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Grantees Profile

Christian Isalomboto

Country (Nationality)

Democratic Republic of the Congo

Grantee Title

Project: Antimicrobial biogenic nanocomposite formulations from banana and plantain
plants (Musa spp.)

Grantee Description

Research area:

Nanotechnology, Formulation and Medicinal Chemistry

Host Organisation & country:

University of Kinshasa, D.R. Congo


Bananas and plantain are one of the most important staple foods worldwide, and their plantations are essentially based in tropical areas and rainforests throughout Africa, thus playing a crucial role in food security as an important component of the local diet in many countries. Being perennial plants that replace themselves, banana and plantain plants generate huge waste biomass that is currently explored as fertilizers and animal feeds to avoid harmful ecological effects.

Dr Nkanga’s research sets out to exploit banana and plantain waste as valuable sources of medically relevant chemical products. The project aims to use and implement green nanoengineering tools to transform bananas waste into new products that can effectively kill microbes for sanitization of surfaces and wound/burn healing.

Grantee Description

Dr Christian I. Nkanga is a SACI Postgraduate Medal awardee (2017), Novartis Next Generation Scientist (2018), DST/NRF Innovation awardee (2017, 2020), BEBUC scholar (2015-2019) and Associate Professor at the Faculty of Pharmaceutical Sciences, Department of Medicinal Chemistry and Pharmacognosy at University of Kinshasa, D.R. Congo.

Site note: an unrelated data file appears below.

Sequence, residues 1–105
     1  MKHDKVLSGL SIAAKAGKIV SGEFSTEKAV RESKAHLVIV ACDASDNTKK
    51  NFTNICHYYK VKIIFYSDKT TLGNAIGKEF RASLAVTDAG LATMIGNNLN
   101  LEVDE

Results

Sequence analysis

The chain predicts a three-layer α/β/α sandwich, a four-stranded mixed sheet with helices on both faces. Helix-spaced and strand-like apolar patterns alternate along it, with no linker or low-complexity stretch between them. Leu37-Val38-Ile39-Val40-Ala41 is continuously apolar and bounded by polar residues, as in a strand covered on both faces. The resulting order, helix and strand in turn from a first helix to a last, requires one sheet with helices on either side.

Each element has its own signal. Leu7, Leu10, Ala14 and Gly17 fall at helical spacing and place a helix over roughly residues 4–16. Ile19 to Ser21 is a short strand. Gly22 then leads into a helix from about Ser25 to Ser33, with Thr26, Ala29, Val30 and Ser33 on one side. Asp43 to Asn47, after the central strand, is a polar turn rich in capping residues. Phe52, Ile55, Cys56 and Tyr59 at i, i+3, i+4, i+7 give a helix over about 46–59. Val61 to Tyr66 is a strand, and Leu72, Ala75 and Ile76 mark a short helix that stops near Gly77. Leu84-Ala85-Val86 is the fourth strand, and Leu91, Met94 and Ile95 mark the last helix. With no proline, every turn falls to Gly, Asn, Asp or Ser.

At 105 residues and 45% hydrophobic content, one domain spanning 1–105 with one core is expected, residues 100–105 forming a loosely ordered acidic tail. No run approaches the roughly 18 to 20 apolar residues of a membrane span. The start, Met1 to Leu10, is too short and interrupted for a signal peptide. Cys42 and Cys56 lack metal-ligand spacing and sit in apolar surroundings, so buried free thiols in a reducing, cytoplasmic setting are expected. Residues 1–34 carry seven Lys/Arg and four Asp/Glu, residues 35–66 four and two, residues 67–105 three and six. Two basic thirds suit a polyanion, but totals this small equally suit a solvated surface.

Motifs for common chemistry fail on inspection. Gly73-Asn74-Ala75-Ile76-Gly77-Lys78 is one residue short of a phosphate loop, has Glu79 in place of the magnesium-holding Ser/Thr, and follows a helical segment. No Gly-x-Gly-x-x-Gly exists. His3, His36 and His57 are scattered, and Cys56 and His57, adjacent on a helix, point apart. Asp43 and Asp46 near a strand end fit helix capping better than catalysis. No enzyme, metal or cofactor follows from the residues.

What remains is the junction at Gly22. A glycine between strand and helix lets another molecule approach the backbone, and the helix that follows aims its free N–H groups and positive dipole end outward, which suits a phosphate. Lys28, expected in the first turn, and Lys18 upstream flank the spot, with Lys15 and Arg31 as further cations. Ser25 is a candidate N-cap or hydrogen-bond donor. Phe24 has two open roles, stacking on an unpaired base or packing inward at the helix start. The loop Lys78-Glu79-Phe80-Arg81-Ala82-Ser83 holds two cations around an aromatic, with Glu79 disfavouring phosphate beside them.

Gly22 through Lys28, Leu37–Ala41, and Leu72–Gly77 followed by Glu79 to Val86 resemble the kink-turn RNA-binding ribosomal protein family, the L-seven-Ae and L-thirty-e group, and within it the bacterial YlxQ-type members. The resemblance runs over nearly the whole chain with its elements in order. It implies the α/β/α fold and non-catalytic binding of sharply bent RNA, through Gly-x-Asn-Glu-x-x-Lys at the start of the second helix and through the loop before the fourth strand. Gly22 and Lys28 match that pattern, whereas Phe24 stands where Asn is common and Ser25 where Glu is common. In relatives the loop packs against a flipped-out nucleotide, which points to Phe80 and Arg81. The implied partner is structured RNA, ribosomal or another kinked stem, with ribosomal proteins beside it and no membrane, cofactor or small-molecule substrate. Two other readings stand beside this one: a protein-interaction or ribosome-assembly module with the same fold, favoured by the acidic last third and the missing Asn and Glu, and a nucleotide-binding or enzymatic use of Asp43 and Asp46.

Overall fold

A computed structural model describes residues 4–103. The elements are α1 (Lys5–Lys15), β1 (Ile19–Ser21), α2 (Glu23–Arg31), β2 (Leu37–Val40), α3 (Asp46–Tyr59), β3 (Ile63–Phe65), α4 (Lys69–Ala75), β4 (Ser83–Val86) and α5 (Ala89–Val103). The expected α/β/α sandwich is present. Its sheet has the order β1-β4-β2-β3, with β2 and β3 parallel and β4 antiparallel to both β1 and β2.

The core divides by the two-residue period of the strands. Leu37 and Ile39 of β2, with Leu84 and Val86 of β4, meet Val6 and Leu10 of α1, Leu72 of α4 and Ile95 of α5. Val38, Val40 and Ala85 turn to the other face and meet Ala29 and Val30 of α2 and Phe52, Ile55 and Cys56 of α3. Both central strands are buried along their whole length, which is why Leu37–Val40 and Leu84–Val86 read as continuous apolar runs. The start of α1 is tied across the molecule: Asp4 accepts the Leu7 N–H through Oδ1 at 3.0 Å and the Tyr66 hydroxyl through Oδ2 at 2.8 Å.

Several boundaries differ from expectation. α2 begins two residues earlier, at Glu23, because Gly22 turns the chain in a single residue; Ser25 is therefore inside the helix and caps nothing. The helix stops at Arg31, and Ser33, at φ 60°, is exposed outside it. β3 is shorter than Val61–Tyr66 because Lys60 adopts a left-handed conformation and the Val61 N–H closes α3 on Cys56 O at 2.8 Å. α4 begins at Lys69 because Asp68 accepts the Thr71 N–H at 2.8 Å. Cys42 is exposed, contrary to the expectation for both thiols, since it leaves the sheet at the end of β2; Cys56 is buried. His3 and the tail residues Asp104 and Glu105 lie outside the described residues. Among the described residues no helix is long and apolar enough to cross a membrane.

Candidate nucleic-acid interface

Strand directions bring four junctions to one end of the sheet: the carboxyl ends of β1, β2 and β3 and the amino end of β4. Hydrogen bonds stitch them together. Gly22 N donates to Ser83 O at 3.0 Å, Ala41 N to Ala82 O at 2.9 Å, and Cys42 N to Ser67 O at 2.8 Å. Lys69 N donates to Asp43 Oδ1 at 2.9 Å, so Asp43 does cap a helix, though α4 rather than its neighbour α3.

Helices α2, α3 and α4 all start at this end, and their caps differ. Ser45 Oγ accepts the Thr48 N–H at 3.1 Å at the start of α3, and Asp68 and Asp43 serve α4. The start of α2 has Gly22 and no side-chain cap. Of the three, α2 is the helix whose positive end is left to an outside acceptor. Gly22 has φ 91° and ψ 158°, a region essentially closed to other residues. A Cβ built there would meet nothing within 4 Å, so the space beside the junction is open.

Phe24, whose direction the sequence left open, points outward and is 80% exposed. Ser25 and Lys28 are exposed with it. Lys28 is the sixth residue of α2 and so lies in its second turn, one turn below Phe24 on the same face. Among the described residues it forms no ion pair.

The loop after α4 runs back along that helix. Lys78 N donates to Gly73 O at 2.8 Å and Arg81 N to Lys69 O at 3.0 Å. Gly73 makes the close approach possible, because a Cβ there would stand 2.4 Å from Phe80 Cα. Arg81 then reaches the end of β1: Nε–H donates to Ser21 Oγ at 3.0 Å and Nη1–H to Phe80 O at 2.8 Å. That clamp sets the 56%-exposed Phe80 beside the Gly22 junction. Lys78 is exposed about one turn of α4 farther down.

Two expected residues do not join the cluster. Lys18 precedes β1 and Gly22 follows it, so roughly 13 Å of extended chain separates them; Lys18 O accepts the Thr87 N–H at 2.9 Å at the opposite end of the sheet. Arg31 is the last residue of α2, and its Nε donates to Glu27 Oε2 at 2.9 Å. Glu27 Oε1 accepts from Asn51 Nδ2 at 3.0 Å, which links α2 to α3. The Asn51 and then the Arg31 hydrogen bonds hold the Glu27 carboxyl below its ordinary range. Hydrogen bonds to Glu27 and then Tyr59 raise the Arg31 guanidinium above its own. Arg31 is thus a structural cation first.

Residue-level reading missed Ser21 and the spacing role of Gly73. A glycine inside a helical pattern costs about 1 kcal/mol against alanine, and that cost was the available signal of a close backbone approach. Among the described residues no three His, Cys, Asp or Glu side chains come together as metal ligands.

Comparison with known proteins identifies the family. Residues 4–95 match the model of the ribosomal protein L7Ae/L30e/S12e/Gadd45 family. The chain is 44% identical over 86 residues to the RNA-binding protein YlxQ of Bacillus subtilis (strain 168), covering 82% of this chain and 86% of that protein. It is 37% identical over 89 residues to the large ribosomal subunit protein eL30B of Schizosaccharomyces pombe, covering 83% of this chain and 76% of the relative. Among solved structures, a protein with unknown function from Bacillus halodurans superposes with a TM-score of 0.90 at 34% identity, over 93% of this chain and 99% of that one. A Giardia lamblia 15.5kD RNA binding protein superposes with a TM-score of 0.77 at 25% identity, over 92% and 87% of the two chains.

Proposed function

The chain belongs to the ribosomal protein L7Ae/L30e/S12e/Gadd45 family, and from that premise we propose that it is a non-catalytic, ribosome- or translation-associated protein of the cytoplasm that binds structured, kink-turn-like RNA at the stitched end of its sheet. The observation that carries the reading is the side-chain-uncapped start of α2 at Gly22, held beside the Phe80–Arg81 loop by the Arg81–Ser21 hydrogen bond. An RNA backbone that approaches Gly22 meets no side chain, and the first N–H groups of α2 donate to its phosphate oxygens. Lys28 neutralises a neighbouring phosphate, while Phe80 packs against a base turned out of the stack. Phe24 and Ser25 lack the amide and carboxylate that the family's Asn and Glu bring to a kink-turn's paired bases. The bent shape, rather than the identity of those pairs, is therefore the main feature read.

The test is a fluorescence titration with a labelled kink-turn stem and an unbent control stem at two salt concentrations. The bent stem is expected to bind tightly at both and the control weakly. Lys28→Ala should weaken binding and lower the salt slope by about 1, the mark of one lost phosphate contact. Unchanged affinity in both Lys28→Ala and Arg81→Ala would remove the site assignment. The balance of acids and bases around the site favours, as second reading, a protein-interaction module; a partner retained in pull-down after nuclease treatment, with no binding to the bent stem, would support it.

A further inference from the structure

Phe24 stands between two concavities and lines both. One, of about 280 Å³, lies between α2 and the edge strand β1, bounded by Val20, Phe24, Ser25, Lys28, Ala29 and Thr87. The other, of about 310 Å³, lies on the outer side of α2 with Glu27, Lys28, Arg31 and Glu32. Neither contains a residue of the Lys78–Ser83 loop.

He obtained his Ph.D. in Chemistry at Rhodes University (South Africa) in 2019, and his doctoral research focused on nanoparticles for antimicrobial drug delivery – thesis titled: “pH-Responsive Liposomal Systems for Site-Specific Pulmonary Delivery of Anti-Tubercular Drugs”. In 2020, Dr Nkanga undertook postdoctoral research in the Department of Nanoengineering at the University of California, San Diego (USA), where he worked on plant virus nanotechnology for development of biomedical nanoparticles as COVID-19 vaccines and nanomedicines against cancers.

Dr Nkanga’s sight is to explore the African natural wealth to seek for and implement new materials that can be used to make high-value nanoparticles for medical applications. He aims to advance nanotechnology in Africa, train young African minds in nanoscience, and conduct cutting-edge and translational research and product development to improve human health and simultaneously prepare Africa to become one of the leading continents for nanomedicines raw materials supply.

Project: Antimicrobial biogenic nanocomposite formulations from banana and plantain plants (Musa spp.)

The project objective is to formulate biogenic nanoparticles (NPs) from Musa plants waste into micelles made from extracted plant metabolites for enhanced antimicrobial activities, tackling broad spectrum microbes, microbial resistance and fighting disease spreads. Biogenic synthesis from plants has already been established, but what the scientific community has not yet capitalized upon is the fact that naturally occurring self-assemblies can entrap biogenic nanoparticles to yield composite formulations. This composite will be easily formulated as disinfectant/antiseptic topical dosage forms; and for dermatological applications (e.g., wound healing). In addition, the project aims to elucidate and exploit the molecular composition of biogenic nanoparticles and implement nanoengineering processing as a bioprospecting approach for green discovery of new naturally occurring drugs and important biomolecules, such as proteins and carbohydrates that could be explored for various applications from across drug delivery, dietetics to textile industry.